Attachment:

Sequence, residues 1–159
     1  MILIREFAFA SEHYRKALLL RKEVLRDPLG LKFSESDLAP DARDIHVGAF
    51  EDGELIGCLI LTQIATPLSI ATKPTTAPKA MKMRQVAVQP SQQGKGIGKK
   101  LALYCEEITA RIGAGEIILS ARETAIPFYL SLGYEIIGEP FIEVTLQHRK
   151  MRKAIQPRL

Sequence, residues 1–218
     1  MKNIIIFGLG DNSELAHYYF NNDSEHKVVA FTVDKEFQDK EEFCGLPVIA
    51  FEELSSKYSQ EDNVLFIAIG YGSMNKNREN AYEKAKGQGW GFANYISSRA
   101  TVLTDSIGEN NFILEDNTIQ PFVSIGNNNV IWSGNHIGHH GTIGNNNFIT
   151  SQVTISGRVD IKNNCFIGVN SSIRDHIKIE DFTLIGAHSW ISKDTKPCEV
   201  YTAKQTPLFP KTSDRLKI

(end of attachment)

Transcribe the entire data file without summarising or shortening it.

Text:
Sequence, residues 1–159
     1  MILIREFAFA SEHYRKALLL RKEVLRDPLG LKFSESDLAP DARDIHVGAF
    51  EDGELIGCLI LTQIATPLSI ATKPTTAPKA MKMRQVAVQP SQQGKGIGKK
   101  LALYCEEITA RIGAGEIILS ARETAIPFYL SLGYEIIGEP FIEVTLQHRK
   151  MRKAIQPRL

Sequence, residues 1–218
     1  MKNIIIFGLG DNSELAHYYF NNDSEHKVVA FTVDKEFQDK EEFCGLPVIA
    51  FEELSSKYSQ EDNVLFIAIG YGSMNKNREN AYEKAKGQGW GFANYISSRA
   101  TVLTDSIGEN NFILEDNTIQ PFVSIGNNNV IWSGNHIGHH GTIGNNNFIT
   151  SQVTISGRVD IKNNCFIGVN SSIRDHIKIE DFTLIGAHSW ISKDTKPCEV
   201  YTAKQTPLFP KTSDRLKI